Property firms did suffer weaker demand for their shares and investors sold out of companies such as Savills after the announcement of aggressive attempts to clamp down on stamp duty avoidance for homes worth £2m and more. The announcement of a 15% charge for £2m homes bought through companies was a surprise and is aggressive, whilst the 7% new stamp duty level for homes worth £2m was already much speculated in the press. Savills shares lost 2.8% as a result.

 

Previous Report

20/03/2012 (4.45pm)

Maintaining Austerity vs Re-igniting Growth. What Balance will Osborne strike?
Tomorrow’s budget by the Chancellor of the Exchequer, George Osborne, will be watched closely by the market, ratings agencies and most probably high income earners.

Whilst it is going to be hard to shy away from the politically sensitive elements expected within tomorrow’s budget, such as a potential reduction in the top tax rate from 50p to 45p, there are going to be some crucially important elements on which investors will intensely focus, namely; revisions to growth estimates, borrowing forecasts and additional measures to help stimulate growth in the Queen’s jubilee year.

As ever, there is a fine line between stimulating growth and cementing Britain’s top notch credit rating with austerity. This line will also be closely watched tomorrow, with any sign of deviation or ‘relaxation’ of austerity to help stimulate growth likely send a somewhat nervous switch in focus by investors to see if ratings agencies react, particularly Moody’s and Fitch, who have both recently placed the UK on a negative watch for a ratings cut.

Recent data has also insinuated that borrowing costs should come in lower than the £127bn forecast by the OBR in November. A figure closer to £120bn would really go down well with ratings agencies though a figure closer to £124bn may be realised. At the same time, with the government set to take on the Royal Mail’s pension fund too, Osbourne is expected to transfer £28bn over to help speed the cut to borrowing further. The OBR has forecast that borrowing was set to be £120bn in the new fiscal year, followed by £100bn the following year. As with GDP projections, any revisions here will be watched closely by both investors and ratings agencies.

Whilst Britain remains at risk of losing its top notch credit rating, the current fiscal path insinuates that it is likely to retain its Triple ‘A’ rating, despite the negative outlooks by Fitch and Moody’s. Nevertheless, it will be a difficult job for Osborne to relax his austerity grip whilst at the same time seeking to announce policies that will boost growth.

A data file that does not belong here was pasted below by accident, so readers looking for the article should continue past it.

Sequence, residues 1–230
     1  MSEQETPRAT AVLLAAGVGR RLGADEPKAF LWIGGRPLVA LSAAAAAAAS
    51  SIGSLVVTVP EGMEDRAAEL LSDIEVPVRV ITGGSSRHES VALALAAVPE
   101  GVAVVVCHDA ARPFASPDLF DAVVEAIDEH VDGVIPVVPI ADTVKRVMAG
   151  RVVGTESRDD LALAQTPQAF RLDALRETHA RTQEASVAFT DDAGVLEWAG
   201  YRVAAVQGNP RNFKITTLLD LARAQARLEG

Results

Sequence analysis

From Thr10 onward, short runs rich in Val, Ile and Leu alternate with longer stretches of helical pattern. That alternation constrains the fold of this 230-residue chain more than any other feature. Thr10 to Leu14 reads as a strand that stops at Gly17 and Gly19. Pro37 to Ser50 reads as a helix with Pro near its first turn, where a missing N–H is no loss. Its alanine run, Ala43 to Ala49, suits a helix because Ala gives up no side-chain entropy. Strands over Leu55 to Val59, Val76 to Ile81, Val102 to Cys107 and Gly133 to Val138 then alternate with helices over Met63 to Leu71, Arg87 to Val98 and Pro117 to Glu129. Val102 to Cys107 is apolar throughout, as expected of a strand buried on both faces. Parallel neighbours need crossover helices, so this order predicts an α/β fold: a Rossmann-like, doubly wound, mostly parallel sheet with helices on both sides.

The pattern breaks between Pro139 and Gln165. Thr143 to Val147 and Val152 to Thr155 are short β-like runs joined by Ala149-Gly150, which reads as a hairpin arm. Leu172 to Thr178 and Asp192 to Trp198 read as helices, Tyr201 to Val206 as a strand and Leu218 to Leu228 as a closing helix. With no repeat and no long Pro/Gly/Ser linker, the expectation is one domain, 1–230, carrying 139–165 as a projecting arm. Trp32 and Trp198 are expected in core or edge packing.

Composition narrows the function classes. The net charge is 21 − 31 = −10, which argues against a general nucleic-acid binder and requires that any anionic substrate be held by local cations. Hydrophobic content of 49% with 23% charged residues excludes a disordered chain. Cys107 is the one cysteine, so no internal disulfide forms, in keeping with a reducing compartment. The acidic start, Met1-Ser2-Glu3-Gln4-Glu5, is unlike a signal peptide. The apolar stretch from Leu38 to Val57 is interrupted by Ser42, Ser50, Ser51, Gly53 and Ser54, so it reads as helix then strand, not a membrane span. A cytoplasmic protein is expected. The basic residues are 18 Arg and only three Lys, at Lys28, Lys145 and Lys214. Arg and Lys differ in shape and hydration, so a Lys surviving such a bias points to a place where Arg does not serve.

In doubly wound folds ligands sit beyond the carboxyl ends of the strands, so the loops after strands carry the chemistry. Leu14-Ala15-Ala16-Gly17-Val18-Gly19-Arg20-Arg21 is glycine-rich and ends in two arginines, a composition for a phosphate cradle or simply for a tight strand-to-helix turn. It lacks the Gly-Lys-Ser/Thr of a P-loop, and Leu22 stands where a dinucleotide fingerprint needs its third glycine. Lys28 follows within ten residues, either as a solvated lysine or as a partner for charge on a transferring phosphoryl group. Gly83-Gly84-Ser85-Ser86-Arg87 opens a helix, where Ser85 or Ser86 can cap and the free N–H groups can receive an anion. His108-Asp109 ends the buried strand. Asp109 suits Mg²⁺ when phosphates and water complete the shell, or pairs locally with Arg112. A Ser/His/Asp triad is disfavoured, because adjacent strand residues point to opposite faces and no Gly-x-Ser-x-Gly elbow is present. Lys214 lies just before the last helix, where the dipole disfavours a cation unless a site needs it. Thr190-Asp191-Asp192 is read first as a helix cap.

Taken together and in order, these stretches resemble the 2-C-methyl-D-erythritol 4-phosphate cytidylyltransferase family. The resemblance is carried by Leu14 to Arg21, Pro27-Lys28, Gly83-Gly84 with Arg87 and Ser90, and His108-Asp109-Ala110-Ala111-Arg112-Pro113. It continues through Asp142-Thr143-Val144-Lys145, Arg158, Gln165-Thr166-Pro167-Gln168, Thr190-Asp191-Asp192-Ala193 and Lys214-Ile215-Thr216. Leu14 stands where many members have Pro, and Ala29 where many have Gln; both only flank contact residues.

There is every chance, allbeit a small one, that we could see some good news regarding growth projections. A stronger than expected start to the new year is likely to help the UK avoid a technical double dip recession after a contraction of 0.2% in the last quarter, and whilst the Office of Budget and Responsibility (OBR) revised their 2012 GDP projection down sharply to 0.7%, there remains a hope, albeit small, that this could be marginally revised higher. Forthcoming growth projections will also be watched closely though we are unlikely to see a substantial change given the lack of significant improvement since November 2011.

So how will George Osborne look to stimulate growth? Tax could be both a hot political and financial markets topic tomorrow with the top income tax rate speculated to be cut. Yet given the long running debate about how much the top tax rate actually contributes to the £160bn of income tax revenue versus the argument of scaring away talent from the City of London, remains highly debatable. Regardless, the City will likely cheer a cut.

We could also see an increase in the personal allowance amount given the pressure applied to lift the allowance threshold to £10,000 by the Liberal Democrats as part of the collation agreement. Last year, the Chancellor increased the personal allowance threshold by £630 to £8,105 for 2012/2013. Whilst it may be premature to project that this is likely to be raised to £10,000 in tomorrow’s speech, another step of increase could well be announced to satisfy both Osborne’s Lib Dem coalition brethren, plus attempt to put more cash in the hands of the country’s poorest.

It has already been well leaked that the Chancellor could relax Sunday trading limits for major retailers during the Olympics and it should not be underestimated the impact the Olympics could have not only on retail spending, but also additional costs to the public purse, though much of this has already been taken into account. Indeed, since the leak concerning the relaxation of trading caps, we have already started to see higher demand for the shares of major retailers and supermarkets such as Tesco and Morrisons on as a result, which could limit the potential upside in retailer shares should the announcement actually come.

All eyes on the Chancellor’s speech.